The global climate change mitigation strategy Reduced emissions from deforestation and forest degradationenREDD :monitoring costs and uncertainties jeopardize economic benefits
REDD (Reducing Emissions from Deforestation and Forest Degradation) has been suggested as a climate change mitigation strategy that is based on the philosophy to reward countries for reducing their deforestation and forest degradation by financial benefits via the generation of carbon credits. While the potential of REDD has been widely discussed, minor attention has been drawn to the implication of uncertainties and costs associated with the estimation of carbon stock changes. To raise awareness of these issues, we conducted a simulation study for a set of countries that show high to low deforestation rates, which demonstrates that the potential to generate benefits from REDD depends highly on the magnitude of the total error while assessment costs and the price of carbon credits play a minor role. For countries with low deforestation rates REDD is obviously not an option for generating benefits as they would need to implement monitoring systems that are able to estimate carbon stock changes with a total error well below 1 %. Total errors feasible under operational monitoring systems are only sufficient to gain revenues from REDD regimes under high deforestation rates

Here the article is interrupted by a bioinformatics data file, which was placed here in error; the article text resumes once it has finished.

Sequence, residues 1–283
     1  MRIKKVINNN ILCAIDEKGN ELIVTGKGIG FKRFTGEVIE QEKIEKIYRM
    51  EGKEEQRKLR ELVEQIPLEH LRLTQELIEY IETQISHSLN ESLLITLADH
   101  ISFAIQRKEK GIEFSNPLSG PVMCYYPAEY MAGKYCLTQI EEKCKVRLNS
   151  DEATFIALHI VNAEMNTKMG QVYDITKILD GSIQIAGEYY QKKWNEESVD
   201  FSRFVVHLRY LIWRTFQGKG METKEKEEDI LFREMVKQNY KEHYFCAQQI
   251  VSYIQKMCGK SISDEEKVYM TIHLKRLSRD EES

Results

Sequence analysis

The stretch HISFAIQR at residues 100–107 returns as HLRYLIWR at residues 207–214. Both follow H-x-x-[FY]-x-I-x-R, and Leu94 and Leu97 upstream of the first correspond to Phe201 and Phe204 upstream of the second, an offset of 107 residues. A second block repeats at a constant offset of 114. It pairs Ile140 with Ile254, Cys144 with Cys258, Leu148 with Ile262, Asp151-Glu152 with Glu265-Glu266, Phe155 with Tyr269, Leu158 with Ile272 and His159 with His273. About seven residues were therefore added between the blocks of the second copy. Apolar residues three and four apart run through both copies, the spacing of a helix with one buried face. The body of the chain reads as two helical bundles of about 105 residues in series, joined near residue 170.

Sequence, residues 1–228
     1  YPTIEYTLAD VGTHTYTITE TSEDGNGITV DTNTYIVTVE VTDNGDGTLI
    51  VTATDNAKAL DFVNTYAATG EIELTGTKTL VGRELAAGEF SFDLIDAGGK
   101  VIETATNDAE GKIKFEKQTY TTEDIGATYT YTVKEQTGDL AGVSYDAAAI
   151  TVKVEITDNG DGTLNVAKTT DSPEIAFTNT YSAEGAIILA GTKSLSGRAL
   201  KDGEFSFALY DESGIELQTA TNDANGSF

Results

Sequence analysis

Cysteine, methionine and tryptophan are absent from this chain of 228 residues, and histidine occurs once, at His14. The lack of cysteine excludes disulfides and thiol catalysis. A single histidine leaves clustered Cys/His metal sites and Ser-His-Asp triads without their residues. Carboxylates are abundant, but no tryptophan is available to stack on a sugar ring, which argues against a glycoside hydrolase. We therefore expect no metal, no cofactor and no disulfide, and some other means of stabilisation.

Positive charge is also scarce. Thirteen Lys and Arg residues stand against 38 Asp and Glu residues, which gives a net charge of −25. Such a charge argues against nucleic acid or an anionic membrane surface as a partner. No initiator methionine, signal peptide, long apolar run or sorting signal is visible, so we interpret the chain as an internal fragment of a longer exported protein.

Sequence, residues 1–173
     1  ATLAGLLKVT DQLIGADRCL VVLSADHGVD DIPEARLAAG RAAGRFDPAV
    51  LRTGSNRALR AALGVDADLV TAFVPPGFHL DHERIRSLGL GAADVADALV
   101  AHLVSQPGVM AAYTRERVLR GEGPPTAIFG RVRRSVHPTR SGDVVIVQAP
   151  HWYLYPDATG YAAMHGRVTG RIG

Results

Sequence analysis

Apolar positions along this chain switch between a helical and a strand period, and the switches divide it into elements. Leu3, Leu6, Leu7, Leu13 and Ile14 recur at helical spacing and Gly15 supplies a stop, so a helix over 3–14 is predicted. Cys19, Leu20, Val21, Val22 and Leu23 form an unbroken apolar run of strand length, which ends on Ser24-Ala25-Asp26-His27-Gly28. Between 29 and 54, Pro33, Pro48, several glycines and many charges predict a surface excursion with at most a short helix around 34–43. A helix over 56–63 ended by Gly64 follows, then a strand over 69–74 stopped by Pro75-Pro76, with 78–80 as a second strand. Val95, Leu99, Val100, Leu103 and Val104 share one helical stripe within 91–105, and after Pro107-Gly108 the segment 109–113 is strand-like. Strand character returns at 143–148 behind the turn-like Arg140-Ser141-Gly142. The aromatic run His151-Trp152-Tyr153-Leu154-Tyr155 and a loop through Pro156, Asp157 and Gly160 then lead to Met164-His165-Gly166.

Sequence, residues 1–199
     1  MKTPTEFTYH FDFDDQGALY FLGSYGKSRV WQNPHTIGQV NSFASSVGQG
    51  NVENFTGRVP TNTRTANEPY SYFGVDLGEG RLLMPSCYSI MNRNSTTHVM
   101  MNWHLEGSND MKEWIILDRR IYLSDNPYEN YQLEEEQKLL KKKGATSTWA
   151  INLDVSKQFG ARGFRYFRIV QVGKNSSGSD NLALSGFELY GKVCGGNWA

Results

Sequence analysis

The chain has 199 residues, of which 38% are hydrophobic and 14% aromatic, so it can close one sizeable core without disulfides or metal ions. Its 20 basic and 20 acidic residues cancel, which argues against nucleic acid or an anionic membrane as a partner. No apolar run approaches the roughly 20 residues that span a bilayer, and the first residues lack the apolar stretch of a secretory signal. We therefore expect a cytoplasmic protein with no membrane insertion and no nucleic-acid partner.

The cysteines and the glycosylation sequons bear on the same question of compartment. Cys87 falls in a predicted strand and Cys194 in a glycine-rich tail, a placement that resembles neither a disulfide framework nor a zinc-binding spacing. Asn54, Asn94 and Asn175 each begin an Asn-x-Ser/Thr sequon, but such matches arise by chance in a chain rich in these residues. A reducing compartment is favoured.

Plugge, Daniel / Baldauf, Thomas / Köhl, Michael: The global climate change mitigation strategy REDD :monitoring costs and uncertainties jeopardize economic benefits. 2012.
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